The bad news is that some IT development projects are behind schedule and over budget. The good news, according to a report published Tuesday by Forrester Research, is that it most of these projects can be salvaged.
The report, "Rescuing Train Wrecks: Putting Derailed Software Projects Back on Track," noted that while the number of failed IT development projects can be debated, "there doesn't seem to be any shortage of shops with a train wreck story to tell."
The report is based on interviews with 15 executives from user companies and seven sources from vendors.
The report noted that while there are often multiple problems in faulty projects, most can be fixed by concentrating on the worst flaw. This tactic usually works because the worst problem is usually at the root of the other challenges, Forrester noted.
The report also concluded that stakeholders usually support efforts to resuscitate failing project because once they are abandoned, the business gets no return on the investment. "It is incumbent upon the project rescuer, though, to know the project's business case and ensure the stakeholders see the real value in pushing the project to completion," the report noted.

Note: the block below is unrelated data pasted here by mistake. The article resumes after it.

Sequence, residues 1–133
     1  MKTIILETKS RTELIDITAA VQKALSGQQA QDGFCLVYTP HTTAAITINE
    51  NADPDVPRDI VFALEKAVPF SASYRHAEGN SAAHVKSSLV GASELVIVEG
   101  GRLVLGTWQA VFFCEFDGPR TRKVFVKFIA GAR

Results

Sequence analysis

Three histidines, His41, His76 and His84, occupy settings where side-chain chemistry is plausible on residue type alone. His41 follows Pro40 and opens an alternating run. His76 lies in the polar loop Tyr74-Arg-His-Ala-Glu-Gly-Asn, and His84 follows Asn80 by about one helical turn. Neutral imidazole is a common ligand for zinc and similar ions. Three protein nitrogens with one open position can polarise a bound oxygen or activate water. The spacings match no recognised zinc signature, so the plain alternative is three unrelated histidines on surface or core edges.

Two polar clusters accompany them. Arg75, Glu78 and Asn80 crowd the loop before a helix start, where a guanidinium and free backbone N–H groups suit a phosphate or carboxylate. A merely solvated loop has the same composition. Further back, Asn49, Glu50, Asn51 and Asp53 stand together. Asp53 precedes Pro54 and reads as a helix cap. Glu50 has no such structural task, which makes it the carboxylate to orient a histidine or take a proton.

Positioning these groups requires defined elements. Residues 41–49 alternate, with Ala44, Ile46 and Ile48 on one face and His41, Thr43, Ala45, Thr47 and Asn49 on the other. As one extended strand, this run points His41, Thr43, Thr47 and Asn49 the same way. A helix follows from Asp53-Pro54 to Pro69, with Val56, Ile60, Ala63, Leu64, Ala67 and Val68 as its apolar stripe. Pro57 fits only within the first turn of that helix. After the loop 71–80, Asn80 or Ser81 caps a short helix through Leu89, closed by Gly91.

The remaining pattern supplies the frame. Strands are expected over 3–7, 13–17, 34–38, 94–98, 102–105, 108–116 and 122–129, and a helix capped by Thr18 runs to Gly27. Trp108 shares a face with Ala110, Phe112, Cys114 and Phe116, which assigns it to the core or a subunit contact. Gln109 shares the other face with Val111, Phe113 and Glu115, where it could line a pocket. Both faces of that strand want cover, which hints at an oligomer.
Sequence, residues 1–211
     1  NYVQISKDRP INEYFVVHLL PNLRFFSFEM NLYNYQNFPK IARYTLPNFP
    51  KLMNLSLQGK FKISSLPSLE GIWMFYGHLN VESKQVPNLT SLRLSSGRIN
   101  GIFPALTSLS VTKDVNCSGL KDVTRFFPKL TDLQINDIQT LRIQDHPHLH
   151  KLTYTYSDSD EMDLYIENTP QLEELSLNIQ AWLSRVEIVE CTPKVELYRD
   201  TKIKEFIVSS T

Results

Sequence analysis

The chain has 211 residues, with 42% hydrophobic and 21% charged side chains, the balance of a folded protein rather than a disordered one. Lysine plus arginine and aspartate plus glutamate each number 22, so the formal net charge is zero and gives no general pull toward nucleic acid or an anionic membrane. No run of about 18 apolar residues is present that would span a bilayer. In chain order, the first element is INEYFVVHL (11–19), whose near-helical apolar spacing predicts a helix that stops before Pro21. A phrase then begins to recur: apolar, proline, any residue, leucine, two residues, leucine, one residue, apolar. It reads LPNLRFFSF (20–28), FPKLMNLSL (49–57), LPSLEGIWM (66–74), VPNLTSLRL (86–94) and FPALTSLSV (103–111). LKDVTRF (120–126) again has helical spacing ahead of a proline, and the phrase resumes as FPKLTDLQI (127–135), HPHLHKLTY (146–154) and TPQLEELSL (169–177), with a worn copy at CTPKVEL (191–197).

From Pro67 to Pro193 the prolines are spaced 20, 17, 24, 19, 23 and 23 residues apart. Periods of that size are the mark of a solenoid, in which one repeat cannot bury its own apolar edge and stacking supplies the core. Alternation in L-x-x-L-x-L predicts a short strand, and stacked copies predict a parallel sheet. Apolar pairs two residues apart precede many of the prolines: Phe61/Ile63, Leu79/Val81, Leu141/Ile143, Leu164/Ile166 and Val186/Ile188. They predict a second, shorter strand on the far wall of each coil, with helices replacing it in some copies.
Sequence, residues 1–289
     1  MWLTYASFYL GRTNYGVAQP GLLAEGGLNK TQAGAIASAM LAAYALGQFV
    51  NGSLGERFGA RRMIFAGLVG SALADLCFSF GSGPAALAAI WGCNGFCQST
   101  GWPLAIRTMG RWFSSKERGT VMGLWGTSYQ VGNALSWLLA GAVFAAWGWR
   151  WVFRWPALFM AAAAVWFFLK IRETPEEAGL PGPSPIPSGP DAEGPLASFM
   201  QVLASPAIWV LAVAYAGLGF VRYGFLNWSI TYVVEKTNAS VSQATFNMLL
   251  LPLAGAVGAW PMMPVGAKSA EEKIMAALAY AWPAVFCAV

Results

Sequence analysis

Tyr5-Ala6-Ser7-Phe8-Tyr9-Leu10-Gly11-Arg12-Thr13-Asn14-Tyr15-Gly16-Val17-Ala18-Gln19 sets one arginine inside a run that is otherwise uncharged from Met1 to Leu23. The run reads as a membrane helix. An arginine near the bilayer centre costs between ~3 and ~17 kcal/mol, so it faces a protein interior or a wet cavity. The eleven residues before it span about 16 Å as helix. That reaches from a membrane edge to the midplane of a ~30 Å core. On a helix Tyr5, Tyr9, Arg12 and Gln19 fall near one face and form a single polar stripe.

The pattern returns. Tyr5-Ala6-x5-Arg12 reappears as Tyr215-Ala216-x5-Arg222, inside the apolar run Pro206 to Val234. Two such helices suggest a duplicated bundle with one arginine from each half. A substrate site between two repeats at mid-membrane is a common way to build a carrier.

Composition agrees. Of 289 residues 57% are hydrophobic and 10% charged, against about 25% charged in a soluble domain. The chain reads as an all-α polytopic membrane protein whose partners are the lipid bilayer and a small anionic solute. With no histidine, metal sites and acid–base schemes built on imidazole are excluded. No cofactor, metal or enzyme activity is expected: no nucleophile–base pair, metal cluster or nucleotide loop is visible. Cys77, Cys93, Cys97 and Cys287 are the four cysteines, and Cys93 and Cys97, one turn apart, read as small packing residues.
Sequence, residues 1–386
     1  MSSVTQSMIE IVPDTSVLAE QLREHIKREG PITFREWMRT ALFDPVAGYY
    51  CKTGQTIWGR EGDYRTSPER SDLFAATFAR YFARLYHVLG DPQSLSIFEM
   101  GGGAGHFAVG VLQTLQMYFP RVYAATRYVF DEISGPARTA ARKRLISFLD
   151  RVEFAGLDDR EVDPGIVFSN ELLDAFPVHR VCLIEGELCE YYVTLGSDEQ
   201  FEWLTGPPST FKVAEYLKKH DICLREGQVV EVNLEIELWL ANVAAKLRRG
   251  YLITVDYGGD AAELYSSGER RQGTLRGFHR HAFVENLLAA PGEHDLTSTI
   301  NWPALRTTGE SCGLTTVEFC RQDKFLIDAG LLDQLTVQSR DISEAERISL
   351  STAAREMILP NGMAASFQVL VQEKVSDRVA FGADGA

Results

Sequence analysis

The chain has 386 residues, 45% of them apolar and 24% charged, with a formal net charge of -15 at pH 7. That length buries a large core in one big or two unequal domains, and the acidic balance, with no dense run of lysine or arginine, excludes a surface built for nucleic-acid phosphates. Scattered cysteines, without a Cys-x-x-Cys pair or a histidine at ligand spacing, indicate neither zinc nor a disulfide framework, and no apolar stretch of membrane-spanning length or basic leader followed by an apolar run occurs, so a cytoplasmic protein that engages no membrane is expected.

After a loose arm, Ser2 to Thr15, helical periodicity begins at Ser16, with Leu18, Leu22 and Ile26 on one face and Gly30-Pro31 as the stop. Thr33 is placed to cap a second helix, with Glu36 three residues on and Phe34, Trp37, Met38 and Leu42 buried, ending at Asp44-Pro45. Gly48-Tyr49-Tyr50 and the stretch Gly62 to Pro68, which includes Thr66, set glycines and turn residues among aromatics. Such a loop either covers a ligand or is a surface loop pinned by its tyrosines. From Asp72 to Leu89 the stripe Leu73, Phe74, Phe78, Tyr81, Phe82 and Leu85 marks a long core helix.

Most of the executives interviewed by Forrester said they began salvage efforts by calling a halt to the work to alert stakeholders, to buy time for planning and to "paint a target" on the root cause of the problem.
Next, Forrester suggested that companies assign a "fixer" to the core problem and add clarity to any fuzzy requirements. The "fixer" should not be part of the project's initial development group, so that he or she is not burdened by prior decisions, Forrester advised.
Next, companies should break the project into chunks for mid-course corrections, rein in the project scope and look ahead for other potential hurdles, the report advises.
Finally, the report said, IT shops should have the original development team follow the new plan and fix the problem quickly to boost morale and build confidence.
For future projects, the report also recommends that application development groups make more realistic project schedules to boost their credibility. "It seems that projects have to hit bottom before app dev can engage both IT executives and business customers in a productive conversation about what is going wrong and how to fix it," the report said.